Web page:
book by Fred Ebb and John Kander lyrics by Fred Ebb music by John Kander. Based on the play by Maurine Dallas Watkins.
Curve Rutland Street Cultural Quarter LE1 1SB To 18 January 2014.
Mon-Fri 7.30pm Sat 8pm Mat Wed 2.15pm Sat 4pm.
Audio-described 17 Dec (+ Touch Tour 6pm), 4 Jan 4pm (+Touch Tour2.30pm).
BSL Signed 13 Dec.
Captioned 9 Jan.
Runs 2hr 35min One interval.
TICKETS: 0116 242 3595.
Review: Timothy Ramsden 7 December.
Plenty of razzle, plenty of dazzle in it’s-all-show show.
Across four decades Fred Ebb and John Kander built showbiz into their musicals. Cabaret offset encroaching Fascism with the libertine escape-valve of Weimar entertainment; their final piece The Scottsboro Boys exposed injustice and racism in a piece structured like a Minstrel show.
Chicago (1975) turned murder into spectacle. Glamorous co-star killers Velma Kelly and Roxie Hart are based on 1920s Chicago women whose crimes of passion led to the same verdicts their stage versions enjoy.
Crime lifts them from obscurity to celebrity. Their anguish lies less with forthcoming verdicts than in each other’s publicity ratings – a focus encouraged by star-lawyer Billy Flynn’s focus on his brilliance as a courtroom performer. In a finely-written scene he shows the moral rug being pulled from beneath a jury’s feet.
David Leonard embodies suave confidence, unruffled even when Flynn’s hard-headed financial demands emerge from behind the smiles. ‘Razzle Dazzle them’ he aptly sings, a number where Kander’s steadily-paced tune and the gradual circling of Drew McOnie’s choreography gradually tie everything in knots.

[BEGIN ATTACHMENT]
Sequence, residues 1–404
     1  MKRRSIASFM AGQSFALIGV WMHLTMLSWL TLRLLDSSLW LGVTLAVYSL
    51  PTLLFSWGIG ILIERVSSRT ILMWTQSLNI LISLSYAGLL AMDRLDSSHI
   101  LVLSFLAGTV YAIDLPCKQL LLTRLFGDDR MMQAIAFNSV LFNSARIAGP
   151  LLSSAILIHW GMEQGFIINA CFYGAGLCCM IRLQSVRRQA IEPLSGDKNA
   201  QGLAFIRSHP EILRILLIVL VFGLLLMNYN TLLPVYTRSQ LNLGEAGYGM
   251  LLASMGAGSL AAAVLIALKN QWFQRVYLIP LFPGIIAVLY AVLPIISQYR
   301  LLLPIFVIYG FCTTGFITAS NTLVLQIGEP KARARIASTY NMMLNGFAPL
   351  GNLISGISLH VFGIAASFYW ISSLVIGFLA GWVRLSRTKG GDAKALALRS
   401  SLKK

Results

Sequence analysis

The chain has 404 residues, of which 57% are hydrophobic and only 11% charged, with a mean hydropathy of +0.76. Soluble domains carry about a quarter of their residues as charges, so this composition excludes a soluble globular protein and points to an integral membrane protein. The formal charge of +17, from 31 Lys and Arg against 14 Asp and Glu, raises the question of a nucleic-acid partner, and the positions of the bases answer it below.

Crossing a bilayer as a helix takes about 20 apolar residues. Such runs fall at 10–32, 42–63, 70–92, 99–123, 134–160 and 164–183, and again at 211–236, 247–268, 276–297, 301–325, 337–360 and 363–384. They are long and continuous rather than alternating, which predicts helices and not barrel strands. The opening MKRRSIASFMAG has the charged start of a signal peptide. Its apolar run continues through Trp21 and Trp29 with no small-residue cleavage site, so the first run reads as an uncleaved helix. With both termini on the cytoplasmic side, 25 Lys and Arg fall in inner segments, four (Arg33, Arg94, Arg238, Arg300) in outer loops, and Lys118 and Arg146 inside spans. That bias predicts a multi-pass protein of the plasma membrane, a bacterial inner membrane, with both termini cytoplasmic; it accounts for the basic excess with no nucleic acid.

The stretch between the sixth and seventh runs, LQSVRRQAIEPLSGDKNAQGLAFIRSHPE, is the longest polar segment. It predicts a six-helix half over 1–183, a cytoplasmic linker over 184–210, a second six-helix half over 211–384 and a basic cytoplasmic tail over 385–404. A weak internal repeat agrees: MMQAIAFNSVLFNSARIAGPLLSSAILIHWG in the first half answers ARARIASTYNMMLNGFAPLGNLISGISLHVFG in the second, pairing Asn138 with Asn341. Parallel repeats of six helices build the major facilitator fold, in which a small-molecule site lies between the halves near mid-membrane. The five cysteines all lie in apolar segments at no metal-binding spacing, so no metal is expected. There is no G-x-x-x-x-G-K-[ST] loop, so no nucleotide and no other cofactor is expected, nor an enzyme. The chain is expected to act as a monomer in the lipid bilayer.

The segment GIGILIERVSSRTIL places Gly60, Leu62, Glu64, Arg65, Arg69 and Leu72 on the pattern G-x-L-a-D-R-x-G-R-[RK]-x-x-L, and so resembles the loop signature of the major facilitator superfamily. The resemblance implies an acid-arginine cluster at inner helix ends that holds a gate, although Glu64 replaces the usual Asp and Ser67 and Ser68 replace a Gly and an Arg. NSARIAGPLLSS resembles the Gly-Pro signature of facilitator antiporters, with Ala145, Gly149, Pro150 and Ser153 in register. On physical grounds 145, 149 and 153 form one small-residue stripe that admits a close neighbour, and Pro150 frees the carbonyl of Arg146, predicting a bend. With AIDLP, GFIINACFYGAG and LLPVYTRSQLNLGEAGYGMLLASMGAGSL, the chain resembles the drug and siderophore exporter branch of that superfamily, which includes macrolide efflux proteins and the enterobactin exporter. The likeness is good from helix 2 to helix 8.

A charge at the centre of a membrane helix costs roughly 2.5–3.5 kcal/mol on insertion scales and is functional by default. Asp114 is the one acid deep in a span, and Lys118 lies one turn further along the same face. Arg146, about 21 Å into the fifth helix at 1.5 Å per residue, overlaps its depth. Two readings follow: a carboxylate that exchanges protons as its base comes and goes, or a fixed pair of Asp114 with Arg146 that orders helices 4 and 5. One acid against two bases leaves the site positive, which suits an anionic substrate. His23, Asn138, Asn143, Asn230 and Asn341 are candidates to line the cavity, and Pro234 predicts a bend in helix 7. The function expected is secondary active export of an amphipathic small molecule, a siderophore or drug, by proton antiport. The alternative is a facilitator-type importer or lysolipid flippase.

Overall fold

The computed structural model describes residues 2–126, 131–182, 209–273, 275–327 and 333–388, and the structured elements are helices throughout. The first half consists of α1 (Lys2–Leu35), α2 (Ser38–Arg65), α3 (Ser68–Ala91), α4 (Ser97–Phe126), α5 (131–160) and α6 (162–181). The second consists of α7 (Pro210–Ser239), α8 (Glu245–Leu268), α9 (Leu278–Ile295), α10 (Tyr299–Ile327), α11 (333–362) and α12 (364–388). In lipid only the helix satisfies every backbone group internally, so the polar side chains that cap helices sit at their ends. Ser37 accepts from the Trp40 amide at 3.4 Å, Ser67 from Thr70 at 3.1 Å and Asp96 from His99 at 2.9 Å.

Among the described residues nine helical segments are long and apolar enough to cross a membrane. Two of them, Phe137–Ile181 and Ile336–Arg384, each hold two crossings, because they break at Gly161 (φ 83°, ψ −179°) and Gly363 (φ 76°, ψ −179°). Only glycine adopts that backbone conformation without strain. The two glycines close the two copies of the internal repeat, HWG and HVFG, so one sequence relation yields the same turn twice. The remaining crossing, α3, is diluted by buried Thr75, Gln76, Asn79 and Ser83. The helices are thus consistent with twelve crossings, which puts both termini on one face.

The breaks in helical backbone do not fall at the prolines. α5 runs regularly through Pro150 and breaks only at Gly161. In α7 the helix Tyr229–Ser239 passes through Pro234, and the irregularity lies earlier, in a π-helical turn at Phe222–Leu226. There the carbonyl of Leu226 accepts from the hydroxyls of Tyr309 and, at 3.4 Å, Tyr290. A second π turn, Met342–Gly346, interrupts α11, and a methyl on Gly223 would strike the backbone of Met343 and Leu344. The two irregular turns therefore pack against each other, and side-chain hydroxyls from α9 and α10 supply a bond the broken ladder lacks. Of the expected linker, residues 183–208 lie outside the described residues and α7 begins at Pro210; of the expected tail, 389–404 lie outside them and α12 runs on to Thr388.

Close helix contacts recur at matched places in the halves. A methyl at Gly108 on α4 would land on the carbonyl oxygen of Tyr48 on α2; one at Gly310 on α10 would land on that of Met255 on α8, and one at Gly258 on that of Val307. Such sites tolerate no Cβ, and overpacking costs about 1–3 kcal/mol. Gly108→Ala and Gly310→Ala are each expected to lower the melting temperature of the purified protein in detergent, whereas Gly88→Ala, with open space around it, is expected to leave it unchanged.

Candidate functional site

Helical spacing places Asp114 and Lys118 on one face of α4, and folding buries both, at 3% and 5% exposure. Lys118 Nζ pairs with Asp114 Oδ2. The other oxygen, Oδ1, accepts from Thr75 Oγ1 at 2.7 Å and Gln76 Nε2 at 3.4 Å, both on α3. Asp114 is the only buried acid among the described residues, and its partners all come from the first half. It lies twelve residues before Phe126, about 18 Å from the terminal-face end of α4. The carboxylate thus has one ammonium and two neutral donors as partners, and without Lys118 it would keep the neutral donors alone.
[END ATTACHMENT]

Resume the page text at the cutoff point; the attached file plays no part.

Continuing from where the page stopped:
It’s a world where even saying goodbye measures success in bursts of exit music, eliciting a final burst of applause. Roxy’s quietly decent husband, whose name Flynn mistakes in an Amos ‘n’ Andy confusion, until he needs to get it right in court, has only a quiet number admitting his invisibility; Mr Cellophane. In a world defined by what’s on the wrapper, he’s invisible, his call for exit music met only by silence.
Set against very little but prison-bars across the stage, Paul Kerryson’s revival brings huge pzazz to the razzle-dazzle, though there’s a tendency for details to become blanked-out in the deliberate self-consciousness of the playing across the board.
Verity Rushworth’s Velma makes clear the sexual connotations of ‘jazz’ in the opening number and is keen to make a killing in public from her private murder. She’s a hard-bitten careerist though-and-through, while Gemma Sutton’s Rosie is clearly new to the career possibilities, learning to cover granite underlay with a sucrose surface.
A bit like Chicago itself – a brassy series of climaxes making the jailhouse rock through Christmas and New Year.
Velma Kelly: Verity Rushworth.
Roxie Hart: Gemma Sutton.
Fred Casely: Jonny Godbold.
Sergeant Fogarty: Callum Train.
Amos Hart: Matthew Barrow.
Liz: Katy Hards.
Annie: Lucinda Lawrence.
June: Jessica Kirton.
Hunyak: Anabel Kutay.
Mona: Zizi Strallen.
Mama Morton: Sandra Marvin.
Billy Flynn: David Leonard.
Tailor: Jon Reynolds.
Mary Sunshine: Adam Bailey.
Go To Hell Kitty: Michelle Andrews.
Doctor: Simon Hardwick.
Photographer: Jocasta Almgill.
Aaron: Ashley Andrews.
Judge: Fela Lufadeju.
Court Clerk: Harry Francis.
Director: Paul Kerryson.
Designer: Al Parkinson.
Lighting: Philip Gladwell.
Sound: Ben Harrison.
Musical Director: Ben Atkinson.
Choreographer: Drew McOnie.
Dance captain: Luinda Lawrence.